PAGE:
5. A Controlled Comparison of Cognitive Therapy and Self-Help Support Groups in the Treatment of Irritable Bowel Syndrome.

    ERIC Educational Resources Information Center

    Payne, Annette; Blanchard, Edward B.

    1995-01-01

    Patients with irritable bowel syndrome (n=34) were randomly assigned to 1 of 3 treatment conditions for 8 weeks: individualized cognitive treatment, support group, or control. Results indicated significantly greater reductions in gastrointestinal symptoms and amelioration of depression and anxiety for the cognitive therapy group, and these results…

  6. 76 FR 56873 - American Railroad Group Transportation Services, LLC d/b/a ARG Trans-Continuance in Control...

    Federal Register 2010, 2011, 2012, 2013, 2014

    2011-09-14

    ... Surface Transportation Board American Railroad Group Transportation Services, LLC d/b/a ARG Trans--Continuance in Control Exemption--Coos Bay Railroad Operating Company, LLC d/b/a Coos Bay Rail Link American Railroad Group Transportation Services, LLC d/b/a ARG Trans (ARG Trans), a noncarrier, has filed a...

  7. 75 FR 3901 - Announcement of IS-GPS-200E Interface Control Working Group (ICWG) Teleconference Meeting

    Federal Register 2010, 2011, 2012, 2013, 2014

    2010-01-25

    ... Department of the Air Force Announcement of IS-GPS-200E Interface Control Working Group (ICWG) Teleconference... Working Group (ICWG) teleconference meeting for the document IS-GPS-200E (NAVSTAR GPS Space Segment...=9364 . Please send all CRM comments to Vimal Gopal by 5 February 2010. DATES: 12 February 2010:...

  8. Effectiveness of group body psychotherapy for negative symptoms of schizophrenia: multicentre randomised controlled trial†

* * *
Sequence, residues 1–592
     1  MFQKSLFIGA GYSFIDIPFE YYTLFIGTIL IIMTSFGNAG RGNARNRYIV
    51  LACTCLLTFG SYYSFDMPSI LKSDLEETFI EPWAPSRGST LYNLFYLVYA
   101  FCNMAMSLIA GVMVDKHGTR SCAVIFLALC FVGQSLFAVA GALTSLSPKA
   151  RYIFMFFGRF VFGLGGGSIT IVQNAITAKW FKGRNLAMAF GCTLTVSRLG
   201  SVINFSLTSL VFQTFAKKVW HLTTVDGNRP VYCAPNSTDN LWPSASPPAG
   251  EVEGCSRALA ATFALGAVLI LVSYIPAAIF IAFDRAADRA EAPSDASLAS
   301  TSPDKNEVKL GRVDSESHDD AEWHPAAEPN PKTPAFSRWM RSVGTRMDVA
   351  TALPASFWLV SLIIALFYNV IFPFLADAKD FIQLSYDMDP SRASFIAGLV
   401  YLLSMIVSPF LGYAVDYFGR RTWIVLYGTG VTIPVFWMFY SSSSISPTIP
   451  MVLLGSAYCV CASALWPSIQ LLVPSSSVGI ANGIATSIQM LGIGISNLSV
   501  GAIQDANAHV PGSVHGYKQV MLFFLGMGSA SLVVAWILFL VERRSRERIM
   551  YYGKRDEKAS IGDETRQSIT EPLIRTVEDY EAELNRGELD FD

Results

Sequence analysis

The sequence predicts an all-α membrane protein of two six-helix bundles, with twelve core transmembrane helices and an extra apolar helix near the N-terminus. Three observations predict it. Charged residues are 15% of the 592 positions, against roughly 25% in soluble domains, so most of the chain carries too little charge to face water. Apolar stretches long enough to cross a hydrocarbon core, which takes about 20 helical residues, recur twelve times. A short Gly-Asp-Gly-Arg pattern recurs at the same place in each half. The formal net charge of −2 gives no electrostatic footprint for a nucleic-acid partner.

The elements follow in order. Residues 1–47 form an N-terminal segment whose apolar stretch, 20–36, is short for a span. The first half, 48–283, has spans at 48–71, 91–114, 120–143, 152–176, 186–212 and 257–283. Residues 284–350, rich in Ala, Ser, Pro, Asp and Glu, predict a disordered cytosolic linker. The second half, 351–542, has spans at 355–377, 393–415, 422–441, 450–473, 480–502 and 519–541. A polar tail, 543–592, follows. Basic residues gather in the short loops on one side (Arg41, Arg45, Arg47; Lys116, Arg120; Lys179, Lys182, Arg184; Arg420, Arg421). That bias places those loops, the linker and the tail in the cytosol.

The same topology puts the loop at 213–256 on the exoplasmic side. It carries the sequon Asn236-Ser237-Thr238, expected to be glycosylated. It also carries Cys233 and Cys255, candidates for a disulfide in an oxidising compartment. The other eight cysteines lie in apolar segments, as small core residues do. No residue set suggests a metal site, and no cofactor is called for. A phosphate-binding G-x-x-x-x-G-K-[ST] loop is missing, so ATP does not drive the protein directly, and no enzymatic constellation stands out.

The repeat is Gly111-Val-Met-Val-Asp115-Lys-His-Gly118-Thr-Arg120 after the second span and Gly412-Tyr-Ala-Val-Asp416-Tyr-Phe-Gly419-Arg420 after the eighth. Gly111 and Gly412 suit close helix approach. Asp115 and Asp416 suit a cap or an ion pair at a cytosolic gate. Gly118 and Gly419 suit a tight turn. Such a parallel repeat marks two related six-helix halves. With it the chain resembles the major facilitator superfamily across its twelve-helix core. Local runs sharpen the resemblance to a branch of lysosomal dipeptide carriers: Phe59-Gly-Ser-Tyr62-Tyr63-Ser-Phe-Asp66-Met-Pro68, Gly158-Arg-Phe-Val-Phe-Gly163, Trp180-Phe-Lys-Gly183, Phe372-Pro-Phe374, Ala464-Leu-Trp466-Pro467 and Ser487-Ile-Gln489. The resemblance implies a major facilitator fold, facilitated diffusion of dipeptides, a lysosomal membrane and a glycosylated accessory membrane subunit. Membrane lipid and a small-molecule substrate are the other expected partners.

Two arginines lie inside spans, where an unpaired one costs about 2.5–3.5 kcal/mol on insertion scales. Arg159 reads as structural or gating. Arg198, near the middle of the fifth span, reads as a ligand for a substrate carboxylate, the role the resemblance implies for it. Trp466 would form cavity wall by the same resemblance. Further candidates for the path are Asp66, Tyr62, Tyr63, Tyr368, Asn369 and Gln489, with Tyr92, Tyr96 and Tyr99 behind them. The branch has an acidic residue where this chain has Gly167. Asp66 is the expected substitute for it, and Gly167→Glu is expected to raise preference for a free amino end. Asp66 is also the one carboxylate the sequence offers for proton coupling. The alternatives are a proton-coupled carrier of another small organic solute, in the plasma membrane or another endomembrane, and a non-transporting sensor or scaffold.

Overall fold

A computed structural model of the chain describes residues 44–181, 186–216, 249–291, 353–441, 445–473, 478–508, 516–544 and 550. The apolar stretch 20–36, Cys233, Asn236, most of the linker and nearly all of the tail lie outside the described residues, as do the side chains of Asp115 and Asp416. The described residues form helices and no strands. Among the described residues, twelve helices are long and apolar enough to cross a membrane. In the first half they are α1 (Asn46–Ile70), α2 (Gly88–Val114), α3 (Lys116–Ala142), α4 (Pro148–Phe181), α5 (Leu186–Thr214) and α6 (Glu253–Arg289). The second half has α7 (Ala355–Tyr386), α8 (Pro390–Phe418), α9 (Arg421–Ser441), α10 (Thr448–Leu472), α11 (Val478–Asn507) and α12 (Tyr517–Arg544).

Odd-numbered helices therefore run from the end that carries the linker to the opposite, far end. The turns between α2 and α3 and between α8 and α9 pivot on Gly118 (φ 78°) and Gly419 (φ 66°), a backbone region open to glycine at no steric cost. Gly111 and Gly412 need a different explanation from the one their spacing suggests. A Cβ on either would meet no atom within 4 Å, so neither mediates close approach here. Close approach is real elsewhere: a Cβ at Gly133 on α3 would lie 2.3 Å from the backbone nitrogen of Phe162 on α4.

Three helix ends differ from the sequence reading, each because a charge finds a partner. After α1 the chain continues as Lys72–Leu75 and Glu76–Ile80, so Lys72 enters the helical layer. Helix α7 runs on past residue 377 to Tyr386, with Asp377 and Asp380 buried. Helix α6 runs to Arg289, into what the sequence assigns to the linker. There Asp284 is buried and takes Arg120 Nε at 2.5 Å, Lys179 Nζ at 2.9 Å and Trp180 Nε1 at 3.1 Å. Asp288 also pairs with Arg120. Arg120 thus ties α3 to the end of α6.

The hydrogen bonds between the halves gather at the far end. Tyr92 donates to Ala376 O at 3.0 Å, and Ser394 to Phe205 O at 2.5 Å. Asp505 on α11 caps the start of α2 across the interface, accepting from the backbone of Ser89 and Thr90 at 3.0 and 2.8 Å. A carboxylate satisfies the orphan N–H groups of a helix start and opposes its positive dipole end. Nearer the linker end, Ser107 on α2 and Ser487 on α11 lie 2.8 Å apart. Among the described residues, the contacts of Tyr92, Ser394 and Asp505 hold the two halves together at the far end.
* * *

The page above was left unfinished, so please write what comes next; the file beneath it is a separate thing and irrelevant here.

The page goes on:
PubMed Central

    Priebe, S.; Savill, M.; Wykes, T.; Bentall, R. P.; Reininghaus, U.; Lauber, C.; Bremner, S.; Eldridge, S.; Röhricht, F.

    2016-01-01

    Background Negative symptoms of schizophrenia have a severe impact on functional outcomes and treatment options are limited. Arts therapies are currently recommended but more evidence is required. Aims To assess body psychotherapy as a treatment for negative symptoms compared with an active control (trial registration: ISRCTN84216587). Method Schizophrenia out-patients were randomised into a 20-session body psychotherapy or Pilates group. The primary outcome was negative symptoms at end of treatment. Secondary outcomes included psychopathology, functional, social and treatment satisfaction outcomes at treatment end and 6-months later. Results In total, 275 participants were randomised. The adjusted difference in negative symptoms was 0.03 (95% CI −1.11 to 1.17), indicating no benefit from body psychotherapy. Small improvements in expressive deficits and movement disorder symptoms were detected in favour of body psychotherapy. No other outcomes were significantly different. Conclusions Body psychotherapy does not have a clinically relevant beneficial effect in the treatment of patients with negative symptoms of schizophrenia. PMID:27151073